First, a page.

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Family Law issues - Divorce, property & finance and Children 

Our experienced family lawyers guide you through difficult times.

Address: Martin Place

Level 10, 20 Martin Place Sydney NSW 2000

T: 1300 140 291 / E:

Frequently appeared situations in family law dispute

Have received the court documents for divorce and other issues applied by spouse 

Have agreed about arrangements for


cannot agreed on about dividing property and finances

Have agreed on about dividing property and finances,

cannot agree about the arrangements for children

The Family Law Act 1975

  1. Divorce and separation

  2. Financial and property

  3. Children & Parental

Divorce and separation

Financial and property

Our experienced family lawyer guide you through this difficult and stressful times.

Address: Level 10, 20 Martin Place Sydney NSW 2000

T: 1300 140 291 /

Grounds For Divorce

Fault need not be proved by an applicant to be entitled to a divorce in Australia. It can be granted once the applicant proves that the marriage broke down irretrievably and that the parties have been separated for a period of 12 months with no reasonable likelihood of resuming cohabitation. When the parties involved have children under the age of 18 years, the court needs to be satisfied that proper arrangements have been made for their welfare.


In situations where parties have been separated but continue to live under the same roof, the court requires evidence by way of affidavit. Here, such parties need to provide evidence of change in domestic arrangements since separation.

Although rarely applied, the two main grounds for opposing an application for divorce are:

  1. No 12 months separation as alleged in the application; or

  2. The court does not have jurisdiction.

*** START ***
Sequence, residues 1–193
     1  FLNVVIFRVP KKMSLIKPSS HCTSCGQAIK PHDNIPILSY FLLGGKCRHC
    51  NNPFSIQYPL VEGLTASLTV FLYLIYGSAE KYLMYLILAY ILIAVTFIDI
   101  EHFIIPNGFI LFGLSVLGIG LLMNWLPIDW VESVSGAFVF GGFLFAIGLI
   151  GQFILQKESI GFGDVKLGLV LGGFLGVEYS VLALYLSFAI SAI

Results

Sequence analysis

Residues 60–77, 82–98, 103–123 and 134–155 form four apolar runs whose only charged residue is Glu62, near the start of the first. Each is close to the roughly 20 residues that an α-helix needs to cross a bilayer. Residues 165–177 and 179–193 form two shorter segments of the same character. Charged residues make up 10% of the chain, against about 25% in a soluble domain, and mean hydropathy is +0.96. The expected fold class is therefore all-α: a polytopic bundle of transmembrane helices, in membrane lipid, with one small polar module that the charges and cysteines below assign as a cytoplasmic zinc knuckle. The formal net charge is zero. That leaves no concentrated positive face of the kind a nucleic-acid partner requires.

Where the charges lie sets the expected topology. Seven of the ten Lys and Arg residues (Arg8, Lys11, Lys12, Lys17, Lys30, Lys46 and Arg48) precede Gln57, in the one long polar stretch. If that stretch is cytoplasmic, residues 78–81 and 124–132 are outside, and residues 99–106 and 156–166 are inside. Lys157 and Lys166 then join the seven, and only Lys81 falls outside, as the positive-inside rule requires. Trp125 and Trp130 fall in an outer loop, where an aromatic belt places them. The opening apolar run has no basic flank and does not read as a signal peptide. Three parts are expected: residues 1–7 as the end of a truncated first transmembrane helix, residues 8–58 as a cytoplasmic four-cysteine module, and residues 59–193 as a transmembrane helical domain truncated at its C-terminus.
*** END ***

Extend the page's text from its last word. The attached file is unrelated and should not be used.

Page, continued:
How does the Court decide financial cases for property settlement or maintenance arising out of a marriage or a de facto relationship ? 


No formula or percentage applies to all cases and used to divide your property and finance cases

  1. Work out what property there is and the value of the property.

  2. Decide if there should be a property settlement.

  3. Look at the contributions each person has made (this includes, financial, non-financial, homemaker and parent contributions).

  4. Consider the future needs and circumstances of each person (this includes, age, health, income, earning capacity, care of children, etc.).

  5. Make orders that are just and equitable for both parties.

The decision is made after all the evidence is heard and the judicial officer decides what is just and equitable (fair according to the law) based on the unique facts of your case.


The Family Law Act 1975 sets out the general principles that the Court considers when deciding property settlement cases (see sections 79(4) and 75(2) about marriages, and sections 90SM(4) and 90SF(3) about de facto relationships). 

The general principles are the same, regardless of whether the parties were in a marriage or a de facto relationship, and are based on:

  • the assets and liabilities of you and the other party individually and jointly (i.e. what you own, and what you owe), and what they are worth

  • direct financial contributions by each party, such as property you each had when you began to live together, and your wage and salary earnings while you lived together

  • indirect financial contributions by each party, such as gifts and inheritances from family members

  • non-financial contributions to property, such as renovations to a home, management of investments, or running a business

  • contributions to the welfare of the family, such as caring for children and doing housework, and

  • each party’s future needs – a court will take into account things like age, health, financial resources, care of children and ability to earn.


The way your assets and debts will be shared between you will depend on the individual circumstances of your family. Your settlement will probably be different from others you may have heard about.

The Best interest of the child is everything and paramount. 

Parenting arrangements for the best interest of your child.

  • Your child continues with a loving and meaningful relationship with both parents

  • both parents continue to share responsibility for the child

  • Safe environment with no violence or abuse to your child

How a court determines what is in a child’s best interests

A court determines what is in a child’s best interests by considering a range of factors that are relevant to the child’s welfare and circumstances. These factors are set out in section 60CC of the Family Law Act 1975, which is the main legislation that governs family law matters in Australia

The primary considerations in determining a child's best interest in their future 

Children and parental 

Our family law team guides you through difficult and stressful times.

Address: Level 10, 20 Martin Place Sydney NSW 2000

T: 1300 140 291 /

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